There aren’t a lot of directors out there who can get an entire mainstream audience excited to see a movie. Except for maybe Steven Spielberg, James Cameron or even Michael Bay, most directors get lost behind the faces of the actors starring in the movie. Christopher Nolan however, happens to be one of those directors who when his name is seen in a trailer or on a poster entices audiences to line up to see whatever movie he’s putting out.
With hit films such as “Interstellar,” “Inception” and the “Dark Knight Trilogy,” Nolan has definitely made a name for himself among the average movie-goer. That is perhaps why when trailers for his latest work, “Dunkirk,” started to be released, people started to get excited despite not knowing a whole lot about what the movie was really going to be about.
Looking at the past five films Nolan has released, “Dunkirk” is easily his weakest film but that doesn’t mean it’s a bad film, at least not entirely.
In May 1940, World War II is underway and German troops had advanced into France, trapping 400,000 Allied troops on the beaches of Dunkirk. Told from three perspectives, “Dunkirk” tells the story of the rescue mission put into place in order to bring home as many troops as possible while being surrounded by German troops.
On paper, this movie sounds like it’s going to be really exciting to watch with a lot of tense moments to keep us on the edge of our seats. Strangely though, “Dunkirk” is a slightly boring movie with not a lot of exciting moments that audiences may be hoping to see on screen this weekend.
The first three minutes of the movie open up with a rather thrilling scene that right away throws you into the movie and gets you engaged. Once those three minutes are up though, the movie falls into a bland, boring, uneventful film that doesn’t really provide us with anything worth watching. It isn’t until about 30 minutes into the movie that it actually starts to get interesting and we’re given a story to actually watch and care about. Until then though, I found myself yawning quite a bit.
A friend of mine described this movie as Nolan’s worst written script and I’d have to agree. The narrative of the film is completely all over the place and with Nolan trying to tell three different stories at the same time, they don’t really mesh well together. What was harmful to it was that each of the stories take place at different time periods and the end of the movie tries to tie them together. Whatever magic Nolan was hoping to hit with it didn’t quite work. It would’ve been better had he written the movie to be in real time and introduced each story when they were meant to come in at the proper time.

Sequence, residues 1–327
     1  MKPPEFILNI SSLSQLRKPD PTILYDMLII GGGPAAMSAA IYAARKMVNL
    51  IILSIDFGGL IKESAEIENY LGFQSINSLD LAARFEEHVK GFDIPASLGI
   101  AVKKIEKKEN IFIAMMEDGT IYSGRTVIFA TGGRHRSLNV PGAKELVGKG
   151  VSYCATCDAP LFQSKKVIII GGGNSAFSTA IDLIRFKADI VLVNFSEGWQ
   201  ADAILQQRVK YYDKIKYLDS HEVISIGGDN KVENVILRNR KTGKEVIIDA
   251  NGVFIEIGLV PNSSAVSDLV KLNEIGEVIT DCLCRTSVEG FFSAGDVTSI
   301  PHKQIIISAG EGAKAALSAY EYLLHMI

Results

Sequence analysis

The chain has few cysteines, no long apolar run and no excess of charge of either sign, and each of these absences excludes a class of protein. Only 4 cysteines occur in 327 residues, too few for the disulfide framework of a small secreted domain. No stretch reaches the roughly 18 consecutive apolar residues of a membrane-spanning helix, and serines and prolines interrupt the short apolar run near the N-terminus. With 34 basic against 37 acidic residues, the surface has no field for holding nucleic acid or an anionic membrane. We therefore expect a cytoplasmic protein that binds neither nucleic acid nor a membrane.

Another thing about the film is that we are given absolutely no backstory to the characters we follow. Maybe Nolan was trying to give us the feeling of being thrown right into war and not knowing what is going on but it just didn’t quite hit the right spot. Instead, not knowing anything about the characters makes me not really care who lives or dies because I have no investment in them. To be honest the only time I cared about a character was whenever One Direction’s Harry Styles (making a surprisingly good film debut) was on-screen and I only cared because I kept seeing him as Styles, who in real life seems like a pretty cool guy with a good sense of humor.
It sounds like I hated this movie. I didn’t, honestly I enjoyed it. When it was good, it was really good. The one thing about the way Nolan wrote this film that I really liked was the lack of dialog spoken. The characters hardly ever really speak and most of the movie is a silent performance film where most of the acting comes from facial and eye expression and each of the main actors do a great job at it. Their emotions and feelings are really laid out on us because we can see their entire performance within their eyes which I thought was a nice touch for a film like this.
Something else about this film I enjoyed were the war sequences. Once they really started coming into play, they were extremely well done and did provide for a few moments of intensity. There’s a scene in particular where a group of soldiers are trapped inside a beached boat that really had me on the edge of my seat. In fact, I got so nervous during it that when the scene was finally over i had a minor headache due to being so stressed out.
Every single time a German airplane is approaching and you hear the engines roaring, your heart slightly picks up as you wait to see what’s going to happen. The effects are really well done and there’s a water sequence that really gets your blood pumping.
“Dunkirk” is a good movie. It is. It’s just not the epic that every critic is making it out to be and it’s not going to be the phenomenon Nolan’s fans are probably hoping it is. This movie is a testament to Nolan though because it shows us that even when he makes a lackluster movie, he’s still a good director and can still manage to make it enjoyable to watch.
The bottom line: “Dunkirk” isn’t going to make the list of top five war movies ever made and despite it’s messy narrative, “Dunkirk” is still going to be one of the better films you see this summer and not a bad way to spend an hour and a half of your time.